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WALL STREET

Rising European debt worries hammer stocks

Markets worldwide drop steeply as debt problems in Europe spread. Gold futures continue sliding.

December 18, 2009|Tom Petruno
  • Jonathan Corpina, left, and Louis Silk work the New York Stock Exchange floor, where the Dow Jones industrial average slid 132.86 points, or 1.3%, to 10,308.26.
Jonathan Corpina, left, and Louis Silk work the New York Stock Exchange… (Richard Drew / Associated…)

Rising worries about European debt woes helped trip stocks worldwide Thursday, just as many investors were hoping for uneventful trading to close the books on a winning year.

Fresh market jitters boosted the dollar in its role as a haven, extending the U.S. currency's surprising snap-back over the last three weeks. The euro slumped to a three-month low of $1.435 from $1.452 on Wednesday.

The Dow Jones industrial average slid 132.86 points, or 1.3%, to 10,308.26 -- not a huge loss but the largest since Nov. 27, when the blue-chip index dropped 1.5% on news that Middle Eastern emirate Dubai was seeking to suspend payments on some of its debt.

This week, debt concerns shifted to Europe. On Monday, Austria nationalized one of its major banks, Hypo Alpe Adria, which was drowning in bad loans to Eastern European borrowers.

On Thursday, debt-rating firm Standard & Poor's cut Greece's credit grade to BBB-plus from A-minus, citing concerns about the government's mounting deficit.

"It's a reminder that the global economy is still not out of the woods," said Gary Pollack, head of fixed-income research and trading at Deutsche Bank Private Wealth Management in New York.

S&P's move sparked selling in European stocks, pushing key indexes down 1% in Germany, 1.2% in France and 1.4% in Spain. The Greek market, already battered in recent weeks by the country's economic crisis, lost 1.2%.

Analysts also pointed to surprising weakness in some economic data from Europe this week. On Monday, a poll of analyst and investor sentiment about the German economy fell for a third straight month.

Britain on Thursday said retail sales fell in November, the first decline in six months.

For much of this year Europe's economy was widely expected to lead the U.S. in recovery. Such optimism -- and anticipation that it might prompt the European Central Bank to raise interest rates before the Federal Reserve -- helped bolster the euro against the dollar, pushing the European currency to a 16-month high of $1.513 on Nov. 25.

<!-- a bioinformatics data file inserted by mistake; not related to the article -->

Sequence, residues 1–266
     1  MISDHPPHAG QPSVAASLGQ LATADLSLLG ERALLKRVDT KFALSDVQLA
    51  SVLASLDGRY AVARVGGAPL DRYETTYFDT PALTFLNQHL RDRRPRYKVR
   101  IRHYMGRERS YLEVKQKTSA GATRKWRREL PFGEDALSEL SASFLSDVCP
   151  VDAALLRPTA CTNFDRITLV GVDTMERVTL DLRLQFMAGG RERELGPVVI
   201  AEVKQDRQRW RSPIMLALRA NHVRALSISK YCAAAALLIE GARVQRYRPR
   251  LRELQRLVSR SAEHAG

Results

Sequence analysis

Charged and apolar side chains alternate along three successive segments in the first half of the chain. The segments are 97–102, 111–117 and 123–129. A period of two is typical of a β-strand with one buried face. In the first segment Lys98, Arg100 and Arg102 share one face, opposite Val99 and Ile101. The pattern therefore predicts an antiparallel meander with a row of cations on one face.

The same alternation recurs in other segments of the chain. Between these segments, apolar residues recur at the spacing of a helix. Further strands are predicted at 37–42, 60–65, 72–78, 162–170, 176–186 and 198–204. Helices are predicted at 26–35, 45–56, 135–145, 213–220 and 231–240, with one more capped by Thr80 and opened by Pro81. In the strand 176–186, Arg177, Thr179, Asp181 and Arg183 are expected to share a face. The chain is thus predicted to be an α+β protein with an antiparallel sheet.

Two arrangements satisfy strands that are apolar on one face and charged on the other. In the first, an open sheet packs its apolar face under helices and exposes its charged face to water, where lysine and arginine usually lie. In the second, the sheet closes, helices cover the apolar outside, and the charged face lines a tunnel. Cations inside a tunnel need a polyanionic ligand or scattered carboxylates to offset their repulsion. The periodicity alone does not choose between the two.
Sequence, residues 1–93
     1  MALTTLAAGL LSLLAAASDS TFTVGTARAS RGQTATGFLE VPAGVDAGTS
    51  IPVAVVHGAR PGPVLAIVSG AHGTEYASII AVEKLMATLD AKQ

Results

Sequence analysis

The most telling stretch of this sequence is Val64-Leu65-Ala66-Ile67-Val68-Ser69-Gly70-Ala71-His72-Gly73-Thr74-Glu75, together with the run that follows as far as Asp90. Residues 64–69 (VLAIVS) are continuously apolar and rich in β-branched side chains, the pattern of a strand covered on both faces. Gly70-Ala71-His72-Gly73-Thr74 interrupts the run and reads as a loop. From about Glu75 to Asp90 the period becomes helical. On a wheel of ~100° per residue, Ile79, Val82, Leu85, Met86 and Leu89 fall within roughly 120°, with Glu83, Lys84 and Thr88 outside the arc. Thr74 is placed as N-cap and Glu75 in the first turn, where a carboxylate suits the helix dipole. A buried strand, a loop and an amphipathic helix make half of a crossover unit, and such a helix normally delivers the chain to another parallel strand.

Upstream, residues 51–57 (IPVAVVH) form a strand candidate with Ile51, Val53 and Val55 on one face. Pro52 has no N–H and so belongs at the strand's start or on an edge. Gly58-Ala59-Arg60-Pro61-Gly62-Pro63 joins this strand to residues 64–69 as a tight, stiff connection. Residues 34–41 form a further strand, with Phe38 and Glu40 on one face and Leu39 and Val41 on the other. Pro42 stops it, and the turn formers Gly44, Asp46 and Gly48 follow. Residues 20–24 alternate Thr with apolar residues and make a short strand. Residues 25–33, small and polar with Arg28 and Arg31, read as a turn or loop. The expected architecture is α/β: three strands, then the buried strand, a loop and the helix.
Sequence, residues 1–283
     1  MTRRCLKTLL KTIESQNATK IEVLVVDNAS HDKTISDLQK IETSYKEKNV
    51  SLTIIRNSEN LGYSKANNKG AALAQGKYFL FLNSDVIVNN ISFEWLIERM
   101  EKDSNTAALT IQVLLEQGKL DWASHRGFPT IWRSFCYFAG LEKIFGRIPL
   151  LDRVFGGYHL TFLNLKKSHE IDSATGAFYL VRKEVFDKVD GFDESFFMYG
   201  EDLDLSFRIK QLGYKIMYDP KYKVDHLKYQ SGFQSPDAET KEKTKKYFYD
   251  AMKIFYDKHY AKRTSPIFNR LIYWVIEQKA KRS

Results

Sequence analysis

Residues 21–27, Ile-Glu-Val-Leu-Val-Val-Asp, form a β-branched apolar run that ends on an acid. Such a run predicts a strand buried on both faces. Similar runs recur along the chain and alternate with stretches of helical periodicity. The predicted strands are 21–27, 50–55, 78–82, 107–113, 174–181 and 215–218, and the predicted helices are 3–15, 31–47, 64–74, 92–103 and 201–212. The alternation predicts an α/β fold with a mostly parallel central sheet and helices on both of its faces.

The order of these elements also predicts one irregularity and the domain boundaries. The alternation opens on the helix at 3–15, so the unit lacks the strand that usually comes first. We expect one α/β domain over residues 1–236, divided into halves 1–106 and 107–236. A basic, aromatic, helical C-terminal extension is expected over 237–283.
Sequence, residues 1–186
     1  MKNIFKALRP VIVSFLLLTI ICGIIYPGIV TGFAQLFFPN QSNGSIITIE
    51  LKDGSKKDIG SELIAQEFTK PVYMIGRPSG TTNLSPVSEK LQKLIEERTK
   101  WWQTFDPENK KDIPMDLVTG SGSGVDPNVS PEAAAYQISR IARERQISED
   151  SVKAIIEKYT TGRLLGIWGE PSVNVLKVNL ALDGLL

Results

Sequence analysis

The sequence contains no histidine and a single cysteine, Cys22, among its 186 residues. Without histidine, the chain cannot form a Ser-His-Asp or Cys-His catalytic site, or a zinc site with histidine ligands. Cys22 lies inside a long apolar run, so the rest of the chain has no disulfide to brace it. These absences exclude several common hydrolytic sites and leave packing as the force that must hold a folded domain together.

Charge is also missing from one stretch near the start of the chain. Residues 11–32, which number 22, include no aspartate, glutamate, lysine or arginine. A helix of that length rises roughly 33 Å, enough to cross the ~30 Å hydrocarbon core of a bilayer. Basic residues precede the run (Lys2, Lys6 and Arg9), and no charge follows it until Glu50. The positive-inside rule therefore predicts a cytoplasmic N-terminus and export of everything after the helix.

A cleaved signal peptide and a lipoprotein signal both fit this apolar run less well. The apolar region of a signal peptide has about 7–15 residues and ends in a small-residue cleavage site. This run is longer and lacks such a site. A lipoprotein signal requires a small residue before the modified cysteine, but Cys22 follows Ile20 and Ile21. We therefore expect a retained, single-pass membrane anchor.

The dollar's weakness, in turn, has been bullish for the U.S. stock market all year, boosting shares of exporters that were likely to benefit as their products became less expensive for foreign buyers.

But the euro and other foreign currencies have lost favor since Dubai's debt troubles were revealed, as many global investors and traders have turned back to the dollar as a place to hide. That shift accelerated Thursday after Greece's credit downgrade.

The dollar's resurgence has been a particularly hard blow to owners of gold. Its price had rocketed since June as investors sought it as an alternative to the eroding greenback.

Near-term gold futures in New York sank $28.70 to $1,106.80 an ounce Thursday. The metal is down 9.1% from its record closing high of $1,217.40 on Dec. 3. "Johnny-come-latelies to gold are getting hammered here," said Larry Young, a trader at Infinity Futures in Chicago.

For Wall Street, the rebounding dollar is a potential negative for many exporters. The Standard & Poor's 500 index, heavy with multinational firms, slid 13.10 points, or 1.2%, to 1,096.08 Thursday.

The Nasdaq composite index, dominated by major tech firms that do significant business overseas, dropped 26.86 points, or 1.2%, to 2,180.05.

Some investors sold stocks and shifted to Treasury bonds, driving yields lower. The 10-year T-note dived to 3.45% from 3.59% on Wednesday.

Analysts said the stock market's weakness also reflected fears that the Federal Reserve might begin to tighten credit before late next year.

In a statement Wednesday after their last meeting of the year, Fed policymakers sounded relatively upbeat about the economic recovery. Although the Fed repeated its pledge to keep short-term interest rates near zero for an "extended period," the central bank also reiterated that most of the special lending programs created during the worst of the credit crunch would be terminated Feb. 1.

That raised concerns that the financial system might still be too weak to handle even a modest move to take away the Fed's financial support, given expectations for rising losses on home mortgages, commercial real estate loans and other debt in 2010, said Dave Rovelli, trading chief at brokerage Canaccord Adams in Boston.

"This is far from over," he said of banks' loan problems.

Financial stocks also were under pressure Thursday from Citigroup's sale of $17 billion in new common stock. Investors demanded a sharp discount to digest the shares: Citigroup priced the offering at $3.15 a share, 8.7% below the market closing price of $3.45 on Wednesday. The stock closed Thursday at $3.20.

Among other bank stocks, Bank of America fell 42 cents to $14.86 and JPMorgan lost $1.09 to $40.27. Goldman Sachs dropped $4.06 to $160.93 and Morgan Stanley slid $1.22 to $29.12 after analyst Meredith Whitney cut their 2010 and 2011 earnings estimates.

Despite the market's pullback, analysts noted that key indexes, including the Dow and the S&P 500, had just hit new one-year highs Monday.

Dan McMahon, a veteran trader at brokerage Raymond James in New York, said many investors still were hoping to sit on their hands through the holiday weeks, preserving the year's big gains.

Barring a sustained sell-off, he said, "there's no catalyst to do anything" until January.

tom.petruno@latimes.com

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